Monday, January 20, 2020

Outré Odo

Here on the charge at Hastings is Odo of Bayeux, the man who commissioned the tapestry. 

Brother to William and a bishop. Even in 1066 this was fairly outré behaviour for  a member of the secular clergy. 

Yet being a respected man of the cloth, Odo apparently paid heed to the technicality that he was not permitted to draw blood and thus eschewed the pointier sort of weapon in favour of those designed to deliver blunt trauma. 

In effect, a baseball bat. It has always amused me that in public at least the Guatemalan legal system is geared up to resolve disputes through a process of reconciliation, yet almost every lawyer I have ever had here has privately opined that the best way to handle matters is in the manner of Odo above. 

Post-conquest Odo ended up owning Kent, which is where he recruited seamstresses to produce this monumental piece of medieval propaganda. 

After a spell in the nick, he later set off on the first crusade, died en-route and was laid to rest within the cathedral of Palermo. 

Sunday, January 19, 2020

New funding model

The Queen's Sandringham estate in Norfolk has been receiving around £650,000 in EU CAP subsidies. 

Yet presumably, as the revenues from the crown estates revert to the Treasury, before being paid out to those members of the Royal Family who are still up for the job, this was quite a sneaky way of getting Johnny Foreigner to part pay for our pomp and circumstance. 

Regardless of the position they might take on Harry and Meghan as individuals, there will surely be analysts of the free-marketeer bent who will be keeping a close eye on how things pan out for them in 'North America'. There's a funding model being established for all members of the subsidiary or 'spare' branches of the Windsor tree. 

'Walmart with a crown on it'. It's a Brexit-ready solution. 

Meghan is not a UK citizen and is now unlikely to ever become one. Does Harry have a green card? 

Friday, January 17, 2020

The Garden of Forking Paths

This morning I re-read The Garden of Forking Paths, perhaps the archetypal Borgesian metaphysical enigma, written in 1941.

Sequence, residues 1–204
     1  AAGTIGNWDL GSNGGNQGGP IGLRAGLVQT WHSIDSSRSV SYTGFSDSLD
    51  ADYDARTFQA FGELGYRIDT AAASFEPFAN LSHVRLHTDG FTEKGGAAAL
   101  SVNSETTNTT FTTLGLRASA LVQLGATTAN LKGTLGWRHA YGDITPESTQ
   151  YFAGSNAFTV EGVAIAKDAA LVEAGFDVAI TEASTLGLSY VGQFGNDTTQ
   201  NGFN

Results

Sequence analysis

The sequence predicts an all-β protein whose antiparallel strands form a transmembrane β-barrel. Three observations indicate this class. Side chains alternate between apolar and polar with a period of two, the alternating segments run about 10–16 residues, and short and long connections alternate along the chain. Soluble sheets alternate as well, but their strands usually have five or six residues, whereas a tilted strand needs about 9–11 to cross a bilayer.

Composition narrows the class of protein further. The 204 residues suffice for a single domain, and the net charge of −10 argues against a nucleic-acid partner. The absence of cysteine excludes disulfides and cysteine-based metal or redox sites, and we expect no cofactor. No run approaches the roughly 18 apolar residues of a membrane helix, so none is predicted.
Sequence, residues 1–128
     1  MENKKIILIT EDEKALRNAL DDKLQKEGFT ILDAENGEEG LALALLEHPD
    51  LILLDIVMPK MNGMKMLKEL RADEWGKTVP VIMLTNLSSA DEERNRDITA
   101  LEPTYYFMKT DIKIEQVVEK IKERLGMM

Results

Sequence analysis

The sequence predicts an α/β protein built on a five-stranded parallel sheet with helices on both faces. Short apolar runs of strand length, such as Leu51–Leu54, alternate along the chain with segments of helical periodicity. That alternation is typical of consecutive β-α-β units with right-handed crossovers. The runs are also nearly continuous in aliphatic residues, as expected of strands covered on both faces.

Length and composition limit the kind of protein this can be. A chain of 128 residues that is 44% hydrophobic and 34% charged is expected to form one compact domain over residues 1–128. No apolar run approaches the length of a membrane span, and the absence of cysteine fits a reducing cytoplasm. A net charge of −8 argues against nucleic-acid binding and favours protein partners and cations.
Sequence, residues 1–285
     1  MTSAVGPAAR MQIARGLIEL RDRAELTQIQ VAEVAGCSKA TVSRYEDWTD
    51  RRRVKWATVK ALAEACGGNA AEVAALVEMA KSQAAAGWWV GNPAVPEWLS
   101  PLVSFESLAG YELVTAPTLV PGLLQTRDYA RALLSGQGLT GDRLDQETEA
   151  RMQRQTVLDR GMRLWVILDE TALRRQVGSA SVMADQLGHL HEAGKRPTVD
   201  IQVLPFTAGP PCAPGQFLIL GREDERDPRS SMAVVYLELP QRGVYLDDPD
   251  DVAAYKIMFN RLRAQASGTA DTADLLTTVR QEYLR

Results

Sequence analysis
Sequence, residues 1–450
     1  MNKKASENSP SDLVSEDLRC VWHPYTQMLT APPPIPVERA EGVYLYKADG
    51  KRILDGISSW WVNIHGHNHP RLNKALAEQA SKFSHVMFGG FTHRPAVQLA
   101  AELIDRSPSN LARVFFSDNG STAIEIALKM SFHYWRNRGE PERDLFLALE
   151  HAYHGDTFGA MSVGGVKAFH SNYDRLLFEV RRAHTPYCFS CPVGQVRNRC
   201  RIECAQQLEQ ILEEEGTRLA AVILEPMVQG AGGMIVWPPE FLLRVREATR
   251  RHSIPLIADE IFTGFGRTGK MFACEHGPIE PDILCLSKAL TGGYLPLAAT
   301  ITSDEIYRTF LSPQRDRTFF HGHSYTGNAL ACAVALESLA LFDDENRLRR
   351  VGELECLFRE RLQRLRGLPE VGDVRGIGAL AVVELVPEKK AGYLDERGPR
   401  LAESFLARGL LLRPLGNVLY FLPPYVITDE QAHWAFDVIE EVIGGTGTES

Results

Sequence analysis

It should perhaps be read as a companion piece to any more contemporary piece of popular scientific explanation, say The Order of Time, by Carlo Rovelli, in the interests of constructive bafflement over deceptive clarity. 

It’s one of those stories stacked with juiced-up sentences, not all of which will ignite the synapses on any given reading. 

My take-out today was as follows. The garden is, physically at least, an English garden, located in the fictional town or village of Ashgrove. When the train arrives at the station, nobody announces its name. 

Twice narrator Dr Tsun makes the point that the path he follows is on an incline, downwards. 

At the heart of the garden there’s a structure, which houses an even greater labyrinth, an infinite novel. And a man called Albert. Dr Tsun’s encounter with him is at once apposite and arbitrary. 

The nature of this novel is a riddle about Time, a word that it is careful never to mention during the course of this ‘guessing game’. 

Not all possible futures can be reached from a given location on the path. 

Borges had a solid, very modern grasp of the relationship of consciousness to the ‘flow’ of time. "Century follows century, and things happen only in the present. There are countless men in the air, on land and at sea, and all that really happens, happens to me."

This part of the story suggests an additional riddle for me, that may not even be ‘in’ the text. 

Consciousness is our subjective experience of the path, of the absence that is time, but is it always the same track that we are descending?  At times in my life I’ve had a strong sense of being on a specific and connotative path and at other times very much off it, lost in the labyrinth. 

Gregory Norminton once quipped that 'If God is truth, Satan was the first storyteller.' Put less theologically, the conscious mind is the universe's storyteller, stringing together those moments where we sense that the present is happening to us into a beaten path of apparent continuity. Yet is this just an analogue version of an objective path or indeed paths?